On a recent Tuesday morning, my school principal came on the intercom to announce we would be practicing an emergency management drill. The drill required that no students be allowed to leave the room, but instruction was to go on as usual. Other drills are more inhibiting, though. A more restrictive drill requires me to lock my door and windows, turn off the lights, ignore bells and alarms, and gather the students away from all entry points until notified by announcement.
Later that afternoon, I sat on a rickety blue chair at a desk dotted with old gum, gulping down my packed sandwich in the 25 minutes allotted for lunch. I thought about asking my colleagues what they thought about the effectiveness of the drill, but I imagined the room would get quiet — mouths full, pulses quick. I didn’t want to feel more powerless and panicked than I did when we last talked about the latest school shooting. Instead, I asked whether everyone had finished their Christmas shopping.
I don’t hold the power that President Trump does with 280 characters, nor do I possess the persuasion of the NRA or the policy power of Education Secretary Betsy DeVos. But I do have something that has lately become of exponentially increasing value in the school shooting debate: a teacher’s body.
On Tuesday, the Trump administration rolled out a report on school violence that’s been in the works since the mass shooting in Parkland, Fla., in February. The report had little to say about gun control. Instead, it urged schools to defend themselves with more guns, echoing statements President Trump has made numerous times since 17 students and staff members were killed at Marjory Stoneman Douglas High School. Armed teachers, not more thoughtful gun laws or comprehensive mental health care, are apparently the answer. We are the ones tasked with stopping a mass murderer.
I live and teach in Revere, Mass., arguably the most liberal state in the country. And yet, every day I feel closer to being thought of as armor for stopping a gunman instead of an educator. Every day, each state looks less “red,” less “blue.” Instead, the country has turned a deep shade of purple, an overwhelming bruise of hurt and loss.
After every school shooting, my principal calls a staff meeting. He demands stricter enforcement of teacher and student ID badges worn around our necks. He puts vice principals at each entrance as the morning bells ring. He urges us to be more vigilant about only letting one student out of the classroom at a time. As he drones on about safety and security protocols, my colleagues nod their heads, but my mind is racing with fatal scenarios that all end with the same question:
After the Sante Fe High School shooting earlier this year, I lay in bed as my fiance snored beside me. I thought about the black bookcase in the back of my classroom filled with battered dictionaries and copies of “Othello." I squeezed my feeble arms. I got out of bed and lay my back on the icy tile of my bedroom. I did 50 sit-ups. I did as many push-ups as I could.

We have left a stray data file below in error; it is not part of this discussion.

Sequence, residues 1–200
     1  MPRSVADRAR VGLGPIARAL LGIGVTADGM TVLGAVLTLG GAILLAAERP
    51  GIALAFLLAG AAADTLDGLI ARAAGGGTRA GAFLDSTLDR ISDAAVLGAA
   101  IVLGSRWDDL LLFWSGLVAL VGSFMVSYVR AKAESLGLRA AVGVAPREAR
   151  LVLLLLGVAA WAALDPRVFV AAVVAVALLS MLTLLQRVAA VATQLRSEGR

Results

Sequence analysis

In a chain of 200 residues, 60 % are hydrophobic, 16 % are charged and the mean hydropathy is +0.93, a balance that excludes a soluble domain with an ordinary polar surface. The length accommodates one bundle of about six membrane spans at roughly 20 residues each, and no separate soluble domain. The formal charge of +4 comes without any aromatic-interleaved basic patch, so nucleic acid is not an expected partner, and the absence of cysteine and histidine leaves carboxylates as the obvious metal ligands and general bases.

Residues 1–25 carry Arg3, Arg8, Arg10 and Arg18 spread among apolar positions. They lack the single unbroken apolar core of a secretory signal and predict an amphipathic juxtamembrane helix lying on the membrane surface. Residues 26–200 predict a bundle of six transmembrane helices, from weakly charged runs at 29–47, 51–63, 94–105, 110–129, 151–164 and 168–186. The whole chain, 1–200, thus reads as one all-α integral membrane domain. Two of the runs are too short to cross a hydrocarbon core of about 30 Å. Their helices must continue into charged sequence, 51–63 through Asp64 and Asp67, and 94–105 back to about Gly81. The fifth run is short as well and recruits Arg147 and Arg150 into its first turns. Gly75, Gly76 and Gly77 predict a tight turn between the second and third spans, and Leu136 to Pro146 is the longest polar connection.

The following morning, I was weary as I stood in the doorway of my classroom as students passed through the hallway. I forced unnatural smiles. I high-fived former students with extra enthusiasm. I made eye contact with every student whose hood sloped over his head, whose headphones blared, whose backpack slouched unzipped on one shoulder.
I closed my door as soon as the bell rang. Five minutes later, I jumped at the sound of a pounding fist on my door — a late student with a nurse’s pass.
After the Sandy Hook Elementary School shooting in 2012, a shooting that feels like a lifetime ago because of the number of massacres since then, I held a gathering with my ninth-grade students. They spoke of their sadness, their anger. I spoke with tears in my eyes.
“You know I would do anything I could to protect all of you,” I said.
That morning, my students met me with hugs for my selfless words, but with each shooting, with each added ounce of blood that spills, I feel that selflessness waning, feel my fear rising. I have envisioned countless scenarios. I have mapped out escape routes, hiding spots, defensive talking strategies. But in each imagined scene, I don’t get deemed a hero. My picture doesn’t appear on cable news stations across the country. There are no vigils held in my honor. I survive. That’s all.
I’m no more a shield than my black bookcase, and yet I feel this pressure to be. I feel ashamed for not knowing what I would do in such a dangerous situation. Would I duck and cover with my students, just as terrified?
Each year, I am asked to do things beyond my job description, participate in building-improvement committees, organize fundraisers, write college recommendations, but this ask — my life — is beyond what I think I’m capable of giving.
Sarah Chaves is an author and educator in Boston.